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European pig markets migrate

Political and economic reasons have made European pig farmers reconsider their future. Many quit production and some relocate and either move or expand their production to countries where there is a better economic future.

By Wiebe van der Sluis

The EU pig market is rapidly changing due to considerable differences in government policy and economic returns. Over the past five years the total EU pig population dropped slightly. Nevertheless, sizeable shifts in meat production have taken place between member states in recent years (Table 1).
  Historically pig meat is produced throughout the EU on several types of farms with large variations in size from one member state to another. However, three quarters of the fattening pigs are reared by just 1.5% of the largest producers, which can be found in major production regions in just a few countries, including Denmark, Germany, Spain, France, the Netherlands and Poland (Figure 1). In these countries one may also find more than two thirds of all breeding pigs in the EU. Consequently the remaining pigs are to be found in the rest of the EU. These pigs are, especially in the new member states, produced by small operations (Figure 2).

Positive economic trend
In the past decade, economics in EU pig farming have not been favourable. The average income of specialised pig farms has been relatively low, although financial results may vary enormously. However, during the course of last year, EU pig producers have been relieved from a two-year crisis on the EU pig meat market. The upturn continued in the first few months of this year, during which time the average EU pig prices have risen by 19%, which is 34% higher than April last year. This positive trend is the result of tighter supplies, steady consumer demand and the fact that EU pig meat has become far more competitive on the world market due to the strong US dollar.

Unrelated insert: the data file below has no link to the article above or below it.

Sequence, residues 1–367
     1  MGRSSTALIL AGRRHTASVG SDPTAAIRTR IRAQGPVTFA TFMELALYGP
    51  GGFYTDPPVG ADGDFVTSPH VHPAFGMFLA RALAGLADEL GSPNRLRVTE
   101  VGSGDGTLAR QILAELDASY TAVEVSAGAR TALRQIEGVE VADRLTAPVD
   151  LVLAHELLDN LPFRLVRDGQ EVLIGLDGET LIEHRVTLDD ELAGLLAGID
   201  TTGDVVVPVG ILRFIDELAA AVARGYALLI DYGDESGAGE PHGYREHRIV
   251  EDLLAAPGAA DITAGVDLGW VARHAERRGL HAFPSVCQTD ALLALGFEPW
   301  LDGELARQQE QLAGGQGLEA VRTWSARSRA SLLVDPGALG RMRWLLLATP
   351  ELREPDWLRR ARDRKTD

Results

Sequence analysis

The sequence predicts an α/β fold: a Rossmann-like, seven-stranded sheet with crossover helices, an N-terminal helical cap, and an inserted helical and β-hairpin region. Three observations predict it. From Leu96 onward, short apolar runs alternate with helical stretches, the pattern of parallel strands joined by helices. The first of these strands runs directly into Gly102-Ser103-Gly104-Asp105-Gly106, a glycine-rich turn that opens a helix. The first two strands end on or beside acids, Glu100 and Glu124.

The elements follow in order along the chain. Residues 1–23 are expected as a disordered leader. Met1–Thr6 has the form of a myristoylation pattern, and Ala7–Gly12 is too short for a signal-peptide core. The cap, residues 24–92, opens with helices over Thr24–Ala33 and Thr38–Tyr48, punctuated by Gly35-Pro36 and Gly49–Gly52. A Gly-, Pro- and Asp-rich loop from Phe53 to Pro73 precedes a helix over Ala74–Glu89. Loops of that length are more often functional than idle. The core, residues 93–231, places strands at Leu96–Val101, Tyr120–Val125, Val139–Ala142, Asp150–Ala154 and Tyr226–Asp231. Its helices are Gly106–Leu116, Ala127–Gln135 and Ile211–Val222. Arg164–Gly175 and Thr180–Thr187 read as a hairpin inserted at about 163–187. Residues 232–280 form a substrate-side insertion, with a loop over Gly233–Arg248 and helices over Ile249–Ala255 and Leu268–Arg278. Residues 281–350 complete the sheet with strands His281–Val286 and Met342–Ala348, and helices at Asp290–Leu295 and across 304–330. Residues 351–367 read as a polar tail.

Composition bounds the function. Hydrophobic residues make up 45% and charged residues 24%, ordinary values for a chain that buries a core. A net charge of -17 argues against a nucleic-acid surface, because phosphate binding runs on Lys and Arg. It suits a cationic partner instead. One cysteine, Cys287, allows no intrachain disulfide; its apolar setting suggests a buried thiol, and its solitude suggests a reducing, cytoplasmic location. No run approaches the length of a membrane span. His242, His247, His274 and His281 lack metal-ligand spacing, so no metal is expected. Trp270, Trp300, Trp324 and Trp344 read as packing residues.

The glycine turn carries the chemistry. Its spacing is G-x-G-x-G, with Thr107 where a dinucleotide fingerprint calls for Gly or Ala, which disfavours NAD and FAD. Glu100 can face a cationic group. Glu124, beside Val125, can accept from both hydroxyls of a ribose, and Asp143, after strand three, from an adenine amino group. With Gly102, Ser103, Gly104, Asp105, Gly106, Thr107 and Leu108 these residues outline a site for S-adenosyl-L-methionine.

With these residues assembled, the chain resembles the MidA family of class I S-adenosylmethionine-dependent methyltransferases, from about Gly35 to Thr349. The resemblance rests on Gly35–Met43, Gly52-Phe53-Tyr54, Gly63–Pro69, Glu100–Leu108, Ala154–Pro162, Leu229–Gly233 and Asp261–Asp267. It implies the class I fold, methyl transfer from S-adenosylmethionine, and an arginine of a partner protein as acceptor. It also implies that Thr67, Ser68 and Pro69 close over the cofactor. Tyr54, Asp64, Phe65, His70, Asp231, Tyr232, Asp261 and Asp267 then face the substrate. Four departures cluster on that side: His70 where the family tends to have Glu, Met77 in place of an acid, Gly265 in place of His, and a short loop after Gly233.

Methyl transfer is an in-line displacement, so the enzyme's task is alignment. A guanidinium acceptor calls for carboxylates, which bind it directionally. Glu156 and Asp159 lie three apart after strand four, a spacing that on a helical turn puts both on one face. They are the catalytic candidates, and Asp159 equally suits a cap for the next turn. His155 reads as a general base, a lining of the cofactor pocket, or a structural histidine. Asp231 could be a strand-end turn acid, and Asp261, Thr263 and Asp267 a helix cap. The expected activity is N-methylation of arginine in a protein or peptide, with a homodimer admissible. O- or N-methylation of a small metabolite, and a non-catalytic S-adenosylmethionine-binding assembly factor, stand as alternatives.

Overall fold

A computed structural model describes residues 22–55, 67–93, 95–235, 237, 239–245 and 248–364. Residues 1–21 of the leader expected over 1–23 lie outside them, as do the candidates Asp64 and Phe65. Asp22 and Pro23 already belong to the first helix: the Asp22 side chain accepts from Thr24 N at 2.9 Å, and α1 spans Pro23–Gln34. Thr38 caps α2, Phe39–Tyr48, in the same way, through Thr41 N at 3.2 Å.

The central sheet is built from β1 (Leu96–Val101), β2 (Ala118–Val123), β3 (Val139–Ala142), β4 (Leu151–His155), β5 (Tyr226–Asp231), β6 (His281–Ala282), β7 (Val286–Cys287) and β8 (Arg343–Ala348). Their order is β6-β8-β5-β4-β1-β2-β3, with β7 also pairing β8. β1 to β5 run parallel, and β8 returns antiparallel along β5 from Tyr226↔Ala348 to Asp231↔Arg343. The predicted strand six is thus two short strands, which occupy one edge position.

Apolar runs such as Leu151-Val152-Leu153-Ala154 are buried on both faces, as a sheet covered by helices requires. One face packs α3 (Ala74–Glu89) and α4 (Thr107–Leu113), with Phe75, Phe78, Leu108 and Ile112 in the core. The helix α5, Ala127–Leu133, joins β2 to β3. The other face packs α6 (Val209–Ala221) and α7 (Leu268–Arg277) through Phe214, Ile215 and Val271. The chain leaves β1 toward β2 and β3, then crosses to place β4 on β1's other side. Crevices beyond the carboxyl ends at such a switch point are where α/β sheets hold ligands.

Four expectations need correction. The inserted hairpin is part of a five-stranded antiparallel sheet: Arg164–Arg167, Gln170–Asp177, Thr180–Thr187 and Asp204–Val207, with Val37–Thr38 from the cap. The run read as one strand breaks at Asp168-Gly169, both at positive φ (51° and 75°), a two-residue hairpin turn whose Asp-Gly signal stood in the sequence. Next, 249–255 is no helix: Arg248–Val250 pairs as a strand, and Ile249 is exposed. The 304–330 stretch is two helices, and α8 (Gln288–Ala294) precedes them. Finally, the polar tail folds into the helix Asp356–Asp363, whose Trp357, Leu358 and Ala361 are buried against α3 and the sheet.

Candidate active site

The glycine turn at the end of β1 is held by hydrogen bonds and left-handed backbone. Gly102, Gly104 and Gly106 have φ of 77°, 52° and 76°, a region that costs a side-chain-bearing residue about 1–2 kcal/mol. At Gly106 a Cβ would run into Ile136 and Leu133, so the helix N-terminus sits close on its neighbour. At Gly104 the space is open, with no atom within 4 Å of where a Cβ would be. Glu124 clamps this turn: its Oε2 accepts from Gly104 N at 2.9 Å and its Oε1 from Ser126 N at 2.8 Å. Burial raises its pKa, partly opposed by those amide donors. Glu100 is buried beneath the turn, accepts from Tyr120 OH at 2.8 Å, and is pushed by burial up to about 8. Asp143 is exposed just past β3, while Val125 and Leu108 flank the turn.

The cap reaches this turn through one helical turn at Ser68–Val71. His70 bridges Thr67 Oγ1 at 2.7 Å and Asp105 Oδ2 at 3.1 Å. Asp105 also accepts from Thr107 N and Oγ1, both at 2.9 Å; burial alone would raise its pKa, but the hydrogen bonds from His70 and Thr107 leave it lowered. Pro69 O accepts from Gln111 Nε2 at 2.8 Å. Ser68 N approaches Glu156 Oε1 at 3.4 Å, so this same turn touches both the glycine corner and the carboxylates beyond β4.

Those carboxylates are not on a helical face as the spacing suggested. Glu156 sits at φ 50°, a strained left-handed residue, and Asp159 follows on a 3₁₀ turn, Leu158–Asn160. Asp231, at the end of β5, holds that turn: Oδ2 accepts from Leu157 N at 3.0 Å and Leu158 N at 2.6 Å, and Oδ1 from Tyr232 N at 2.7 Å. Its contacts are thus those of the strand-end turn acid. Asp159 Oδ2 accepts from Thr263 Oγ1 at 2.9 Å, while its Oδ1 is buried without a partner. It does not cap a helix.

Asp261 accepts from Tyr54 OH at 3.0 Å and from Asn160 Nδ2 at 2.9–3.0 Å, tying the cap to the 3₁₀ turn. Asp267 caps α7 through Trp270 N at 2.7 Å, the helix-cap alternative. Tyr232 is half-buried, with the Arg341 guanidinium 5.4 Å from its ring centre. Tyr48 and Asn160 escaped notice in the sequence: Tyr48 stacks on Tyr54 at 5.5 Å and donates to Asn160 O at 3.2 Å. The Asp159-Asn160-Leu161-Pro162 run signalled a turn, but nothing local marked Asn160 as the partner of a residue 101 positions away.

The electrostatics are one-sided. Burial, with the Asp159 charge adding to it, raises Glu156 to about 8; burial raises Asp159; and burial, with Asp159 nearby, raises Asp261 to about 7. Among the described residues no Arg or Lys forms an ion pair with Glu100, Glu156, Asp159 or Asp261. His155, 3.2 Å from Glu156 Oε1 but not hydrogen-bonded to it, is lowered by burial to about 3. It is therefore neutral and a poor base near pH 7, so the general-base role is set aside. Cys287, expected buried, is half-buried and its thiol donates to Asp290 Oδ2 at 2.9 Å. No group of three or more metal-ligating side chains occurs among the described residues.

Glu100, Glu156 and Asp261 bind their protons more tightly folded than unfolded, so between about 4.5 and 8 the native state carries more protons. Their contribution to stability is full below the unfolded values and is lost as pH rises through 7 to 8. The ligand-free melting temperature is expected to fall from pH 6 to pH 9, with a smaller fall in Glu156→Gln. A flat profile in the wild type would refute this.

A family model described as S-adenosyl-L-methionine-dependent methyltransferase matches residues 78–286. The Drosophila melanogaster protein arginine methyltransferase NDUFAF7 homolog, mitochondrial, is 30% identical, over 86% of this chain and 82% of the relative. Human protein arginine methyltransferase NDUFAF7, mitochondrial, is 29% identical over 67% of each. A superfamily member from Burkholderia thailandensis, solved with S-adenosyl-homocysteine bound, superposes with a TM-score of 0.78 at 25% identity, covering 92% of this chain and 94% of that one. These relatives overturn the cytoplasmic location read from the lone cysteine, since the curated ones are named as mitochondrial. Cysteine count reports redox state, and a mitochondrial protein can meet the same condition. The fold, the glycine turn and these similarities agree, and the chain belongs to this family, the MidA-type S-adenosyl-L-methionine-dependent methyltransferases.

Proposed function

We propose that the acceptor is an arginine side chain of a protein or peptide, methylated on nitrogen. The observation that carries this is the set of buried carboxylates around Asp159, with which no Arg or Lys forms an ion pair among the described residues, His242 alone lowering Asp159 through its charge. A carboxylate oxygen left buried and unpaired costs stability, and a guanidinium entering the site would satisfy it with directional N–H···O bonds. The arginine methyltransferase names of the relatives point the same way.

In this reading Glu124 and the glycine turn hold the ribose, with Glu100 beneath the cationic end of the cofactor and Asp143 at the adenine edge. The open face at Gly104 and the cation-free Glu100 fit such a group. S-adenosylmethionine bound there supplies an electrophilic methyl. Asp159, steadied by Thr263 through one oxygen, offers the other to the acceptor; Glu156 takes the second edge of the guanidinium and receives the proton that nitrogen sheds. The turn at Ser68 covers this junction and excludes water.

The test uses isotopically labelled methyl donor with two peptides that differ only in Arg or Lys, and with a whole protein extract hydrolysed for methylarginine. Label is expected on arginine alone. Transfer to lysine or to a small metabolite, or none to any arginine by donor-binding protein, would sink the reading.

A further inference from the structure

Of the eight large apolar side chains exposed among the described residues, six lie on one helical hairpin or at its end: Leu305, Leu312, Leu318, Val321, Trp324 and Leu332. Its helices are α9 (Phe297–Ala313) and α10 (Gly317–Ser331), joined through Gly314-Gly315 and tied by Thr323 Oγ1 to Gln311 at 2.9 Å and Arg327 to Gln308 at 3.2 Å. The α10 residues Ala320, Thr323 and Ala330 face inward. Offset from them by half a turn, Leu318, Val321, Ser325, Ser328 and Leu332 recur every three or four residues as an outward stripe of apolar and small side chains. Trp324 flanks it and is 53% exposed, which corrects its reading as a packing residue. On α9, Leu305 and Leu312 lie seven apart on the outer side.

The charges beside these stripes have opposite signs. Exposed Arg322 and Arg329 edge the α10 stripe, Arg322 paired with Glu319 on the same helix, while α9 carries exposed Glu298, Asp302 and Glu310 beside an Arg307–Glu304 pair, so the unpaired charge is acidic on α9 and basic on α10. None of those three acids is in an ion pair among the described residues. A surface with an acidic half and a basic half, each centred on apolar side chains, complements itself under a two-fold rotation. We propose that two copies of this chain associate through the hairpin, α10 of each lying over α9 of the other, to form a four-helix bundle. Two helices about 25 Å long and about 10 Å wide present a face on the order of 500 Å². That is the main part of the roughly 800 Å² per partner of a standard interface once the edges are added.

The tight supply is the result of high feed prices and low returns in the past which caused many producers to stop or cut down on production.
  Analysis, made following the pig meat crisis, revealed that production costs and margins vary significantly between member states. High margins, however, are not necessarily an equivalent for a high income, because lower margins are often compensated by larger farm size.
  The variation is comparatively large in Spain, Italy, Latvia and Slovenia. The latter can be seen as an indicator of the coexistence of different production systems. In Spain and Italy, for example, pigs are fattened in very extensive producing systems aiming at high quality and high revenue per pig, as well as by standard production techniques. This causes a wider variation of production costs and margins.


Effect of governmental policies
Huge variations in government policies regarding environment and welfare in livestock production have a major impact on production costs. The Danes for example were forced to decrease their ammonia deposition by 30% last year, the Dutch pig producers have to meet the nationally set level this year while the rest of Europe still has time till 2013 to comply with the Ammonia Emission Decree.
  Similar differences are present where it concerns animal welfare regulations. The ban on farrowing crates and the expansion of the living area for weaned piglets and fattening pigs as well as the introduction of slats measuring a maximum of 18 mm on slatted floors for fattening pigs have a dramatic impact on the economics of pig farming. These issues have a more prominent position on the political agenda in the North Western European countries than in the Southern European countries as well as the EU new member states.